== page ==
Vincent is about to become a father. At a meeting with childhood friends he announces the name for his future son. The scandalous name ignites a discussion which surfaces unpleasant matters from the past of the group.
Alexandre de La Patellière,
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Paris, in the early 1960s. Jean-Louis Joubert is a serious but uptight stockbroker, married to Suzanne, a starchy class-conscious woman and father of two arrogant teenage boys, currently in a boarding school. The affluent man lives a steady yet boring life. At least until, due to fortuitous circumstances, Maria, the charming new maid at the service of Jean-Louis' family, makes him discover the servants' quarter on the sixth floor of the luxury building he owns and lives in. There live a crowd of lively Spanish maids who will help Jean-Louis to open to a new civilization and a new approach of life. In their company - and more precisely in the company of beautiful Maria - Jean-Louis will gradually become another man, a better man.Written by
In the street, most (if not all) men wear hats, caps or Basque berets. In France, most men stopped wearing headgear in the 1950s (in cities at least). By 1960, the vast majority of men were hatless. See more »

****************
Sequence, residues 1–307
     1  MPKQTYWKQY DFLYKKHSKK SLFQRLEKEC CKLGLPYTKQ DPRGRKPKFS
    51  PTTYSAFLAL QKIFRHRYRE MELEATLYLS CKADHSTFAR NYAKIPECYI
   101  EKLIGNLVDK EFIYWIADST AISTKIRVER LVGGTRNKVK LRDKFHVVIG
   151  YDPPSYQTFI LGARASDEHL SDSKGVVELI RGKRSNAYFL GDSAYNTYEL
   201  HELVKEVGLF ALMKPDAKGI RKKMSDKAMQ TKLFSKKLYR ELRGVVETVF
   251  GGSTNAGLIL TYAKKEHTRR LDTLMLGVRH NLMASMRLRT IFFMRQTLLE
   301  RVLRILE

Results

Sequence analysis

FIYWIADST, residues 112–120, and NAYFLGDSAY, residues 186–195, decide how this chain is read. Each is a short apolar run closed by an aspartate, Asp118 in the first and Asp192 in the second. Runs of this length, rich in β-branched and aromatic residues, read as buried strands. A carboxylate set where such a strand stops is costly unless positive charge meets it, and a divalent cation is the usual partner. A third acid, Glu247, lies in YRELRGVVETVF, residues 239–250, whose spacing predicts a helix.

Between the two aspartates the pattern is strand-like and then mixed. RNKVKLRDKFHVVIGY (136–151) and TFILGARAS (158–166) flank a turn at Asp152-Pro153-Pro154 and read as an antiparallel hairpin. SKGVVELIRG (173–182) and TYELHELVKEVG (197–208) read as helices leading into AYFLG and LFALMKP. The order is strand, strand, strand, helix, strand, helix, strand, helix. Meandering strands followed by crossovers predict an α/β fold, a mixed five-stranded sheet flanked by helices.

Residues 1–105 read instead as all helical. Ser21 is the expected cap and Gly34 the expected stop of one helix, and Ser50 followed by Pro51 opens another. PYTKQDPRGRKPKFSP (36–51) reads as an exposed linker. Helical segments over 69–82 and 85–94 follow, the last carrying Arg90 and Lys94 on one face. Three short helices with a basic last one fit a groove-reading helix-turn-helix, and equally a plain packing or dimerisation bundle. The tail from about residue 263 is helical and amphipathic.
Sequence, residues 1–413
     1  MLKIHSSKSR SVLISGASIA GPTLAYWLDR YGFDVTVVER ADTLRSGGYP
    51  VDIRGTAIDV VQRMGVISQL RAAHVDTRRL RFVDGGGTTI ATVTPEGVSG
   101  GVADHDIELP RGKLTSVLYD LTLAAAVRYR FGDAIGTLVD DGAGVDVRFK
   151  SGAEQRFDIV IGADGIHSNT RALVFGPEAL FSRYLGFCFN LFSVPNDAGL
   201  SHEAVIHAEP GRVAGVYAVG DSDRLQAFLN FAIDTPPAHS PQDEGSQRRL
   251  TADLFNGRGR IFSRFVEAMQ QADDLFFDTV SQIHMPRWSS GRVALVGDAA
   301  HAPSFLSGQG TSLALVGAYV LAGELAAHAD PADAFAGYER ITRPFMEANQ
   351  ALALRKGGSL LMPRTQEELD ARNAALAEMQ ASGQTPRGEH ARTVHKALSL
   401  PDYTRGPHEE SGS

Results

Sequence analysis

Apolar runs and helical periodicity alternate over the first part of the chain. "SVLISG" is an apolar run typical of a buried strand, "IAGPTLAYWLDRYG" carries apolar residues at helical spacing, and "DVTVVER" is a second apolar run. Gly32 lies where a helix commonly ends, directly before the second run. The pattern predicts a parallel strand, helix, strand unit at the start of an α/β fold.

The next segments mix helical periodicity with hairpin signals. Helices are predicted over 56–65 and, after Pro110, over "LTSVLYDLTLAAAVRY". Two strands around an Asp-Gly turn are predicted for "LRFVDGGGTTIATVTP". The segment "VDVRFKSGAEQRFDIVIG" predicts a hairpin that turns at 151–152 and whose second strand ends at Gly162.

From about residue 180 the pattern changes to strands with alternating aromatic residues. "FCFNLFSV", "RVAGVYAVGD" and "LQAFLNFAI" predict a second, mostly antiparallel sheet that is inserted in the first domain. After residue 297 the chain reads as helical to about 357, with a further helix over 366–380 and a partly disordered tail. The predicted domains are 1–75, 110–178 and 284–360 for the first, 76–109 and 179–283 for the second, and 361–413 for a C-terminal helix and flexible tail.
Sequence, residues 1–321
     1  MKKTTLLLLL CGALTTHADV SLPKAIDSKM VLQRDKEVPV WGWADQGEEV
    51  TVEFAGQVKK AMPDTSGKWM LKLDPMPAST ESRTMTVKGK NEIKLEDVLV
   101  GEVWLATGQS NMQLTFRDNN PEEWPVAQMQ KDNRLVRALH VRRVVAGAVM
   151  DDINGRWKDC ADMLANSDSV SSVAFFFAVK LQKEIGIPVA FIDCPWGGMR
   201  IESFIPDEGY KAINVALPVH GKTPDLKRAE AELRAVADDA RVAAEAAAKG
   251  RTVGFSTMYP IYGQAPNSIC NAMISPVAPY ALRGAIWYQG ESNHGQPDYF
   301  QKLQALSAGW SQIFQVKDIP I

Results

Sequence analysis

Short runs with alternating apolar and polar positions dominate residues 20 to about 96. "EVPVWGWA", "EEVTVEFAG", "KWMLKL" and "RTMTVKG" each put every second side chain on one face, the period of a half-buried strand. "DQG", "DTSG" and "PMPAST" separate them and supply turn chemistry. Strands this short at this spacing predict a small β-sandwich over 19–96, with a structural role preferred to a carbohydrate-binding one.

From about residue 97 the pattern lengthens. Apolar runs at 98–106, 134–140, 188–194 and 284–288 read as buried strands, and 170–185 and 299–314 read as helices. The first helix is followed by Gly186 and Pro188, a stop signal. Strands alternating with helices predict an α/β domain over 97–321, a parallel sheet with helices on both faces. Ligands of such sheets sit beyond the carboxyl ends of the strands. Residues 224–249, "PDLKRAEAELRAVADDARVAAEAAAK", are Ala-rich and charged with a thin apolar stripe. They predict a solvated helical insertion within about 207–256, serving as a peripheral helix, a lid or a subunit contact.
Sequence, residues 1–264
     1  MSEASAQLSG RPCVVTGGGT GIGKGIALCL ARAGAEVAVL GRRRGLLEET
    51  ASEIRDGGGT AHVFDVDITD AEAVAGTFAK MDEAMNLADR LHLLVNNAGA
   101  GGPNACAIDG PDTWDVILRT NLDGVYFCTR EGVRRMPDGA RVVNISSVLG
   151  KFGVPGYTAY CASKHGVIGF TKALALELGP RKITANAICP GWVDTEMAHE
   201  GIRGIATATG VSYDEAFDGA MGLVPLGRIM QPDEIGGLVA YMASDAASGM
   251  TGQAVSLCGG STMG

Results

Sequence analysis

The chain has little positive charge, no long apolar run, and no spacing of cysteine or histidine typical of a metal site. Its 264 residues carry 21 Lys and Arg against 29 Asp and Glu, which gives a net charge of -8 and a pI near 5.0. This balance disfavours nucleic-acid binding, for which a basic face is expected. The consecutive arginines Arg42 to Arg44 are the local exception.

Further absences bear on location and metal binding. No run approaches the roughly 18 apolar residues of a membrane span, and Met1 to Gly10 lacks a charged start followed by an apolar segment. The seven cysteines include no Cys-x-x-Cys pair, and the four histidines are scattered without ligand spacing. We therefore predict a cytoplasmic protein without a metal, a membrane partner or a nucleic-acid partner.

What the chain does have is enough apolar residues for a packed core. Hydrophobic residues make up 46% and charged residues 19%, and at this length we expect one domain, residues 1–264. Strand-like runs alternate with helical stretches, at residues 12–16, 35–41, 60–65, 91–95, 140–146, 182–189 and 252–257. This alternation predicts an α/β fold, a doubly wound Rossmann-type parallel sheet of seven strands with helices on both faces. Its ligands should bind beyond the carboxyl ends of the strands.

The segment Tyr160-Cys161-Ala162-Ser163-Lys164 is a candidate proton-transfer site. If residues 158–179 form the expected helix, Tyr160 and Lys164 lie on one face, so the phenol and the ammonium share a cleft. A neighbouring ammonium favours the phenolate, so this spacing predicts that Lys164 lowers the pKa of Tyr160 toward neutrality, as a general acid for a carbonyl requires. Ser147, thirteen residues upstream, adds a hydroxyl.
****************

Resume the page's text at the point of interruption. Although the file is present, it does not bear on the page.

This is a pure delight. The director, Philippe Le Guay, has the perfect touch, never too light, never too heavy. And he is supported in this delicate balancing act by a marvellous cast, whose timing, tone and style are all perfectly attuned. The central performance in the film is given by the French comic actor Fabrice Luchini, an intelligent simpleton, a naïve bourgeois who has unexpectedly been let loose on Life. Luchini is a true marvel, a world class talent at understated comedy. He has at times the innocent puzzlement of silent comedian Harry Langdon come over his face, a kind of infantile bewilderment, but he is equally capable of snarling arrogantly as a domineering bourgeois buffoon and demanding that his boiled egg must boil for precisely three and a half minutes. He even admits that if he gets the correctly prepared egg in the morning, the rest of his day is glorious, but if he gets an egg which is too hard, his day is ruined. The task set to his maid is therefore going to determine his every day's mood! Luchini owns a large house in Paris (apparently, from what I could glimpse of a park scene, intended to be within walking distance of the quiet and sleepy Parc Monceau). He has inherited it and a prosperous brokerage and investment management business from his father. The film is set in 1962. Every day he goes to work to advise rich people how to invest their money. One of his clients is a glamorous rich widow, played unexpectedly in a cameo performance by the dazzler Audrey Fleurot from the police series ENGRENAGES (SPIRAL, 2005 onwards). Some wonderful laughs come from this association. Fleurot is reputed to be a man-eater, and Luchini's wife is worried that she will steal him from her, but little does she realize that he has barely noticed Fleurot (if you can imagine anyone not noticing Fleurot, which I cannot). This is a mere side event to the main tale. Much of Luchini's huge 19th century house is rented out to other families, and the maids of all of these haute-bourgeois people including his own live together in squalor in small servants' rooms on the sixth floor, hence the title of the film. Only one maid is of the traditional sort, an elderly Bretonne maid from Britanny, and she departs near the beginning of the film. All the rest are gabbling and gregarious Spanish women, who evidently in the 1960s were flocking to Paris to earn money to send home. They form their own tightly-knit sub-culture, invisible to their employers. Anyone who has been to Hong Kong will be familiar with the myriads of Philippino maids who are strewn all over Central every Sunday chattering away to each other in Tagalog. It is very much the same phenomenon. Luchini is married to the ultimate bourgeoise wife, formerly 'a country girl', who is now ruthlessly climbing the social ladder and, wallowing in spoilt self-pity, 'exhausts' herself every day having lunch with her friends and buying expensive dresses. She is played to perfection by Sandrine Kiberlain, veteran of 48 films, who is so often cast as a wife. Admirers of the classic L'APPARTEMENT (THE APARTMENT, 1996, see my review) will recall her waiting at the airport for her husband at the end of the film, with her wan smile and her freckles. But the main action of this film concerns the Spanish maids. While their spoilt rich employers below live lives of stultifying boredom and pointlessness, these impoverished maids, when they are not rushing off to mass and crossing themselves devoutly (all but the sullen one who has become an atheist because her parents were murdered in front of her by Franco's men), have tremendous fun, play the guitar, cook paella, dance a bit of flamenco, and live a vivacious life of their own in their rarified micro-climate on the sixth floor. When his Bretonne maid, who had served the family for thirty years, leaves, Luchini and his wife desperately need a replacement. The dishes are piled high in the sink, the lazy Kiberlain does not know how to work a washing-machine, and Luchini is desperate because he does not have a clean shirt left to wear to work. What can these poor suffering spoilt rich people do? A miracle occurs: one of the Spanish women has just had her niece turn up from Spain, a beautiful thirty-something played with inspired vivacity and satirical demeanour by Natalia Verbeke. She is an amazing actress, born in Argentina in 1975, moved to Spain was she was eleven, lived with a bullfighter, and has appeared in many Spanish TV series and films. When she becomes the new maid, a new life opens up for Luchini, and he realizes that he prefers the maids on the sixth floor for company to his own boring wife and his empty life. And he begins to fall for Natalia, which is hardly surprising, as she is so alluring. The film is at once a tasteful satire on the vacuities of the empty lives of the upper middle classes, a hilarious comedy, a sad commentary, a poignant insight into the silent suffering of people without any money, and the shattering clash of cultures which occurs when someone steps out of the one world and into the other. The film is such a joy, and its satire is so affectionate and gentle (which perhaps makes it all the more devastating), that we learn a lot about Life. And Life is in short supply these days. But prepare to laugh yourself silly, while crying sometimes. Those are the best films, aren't they?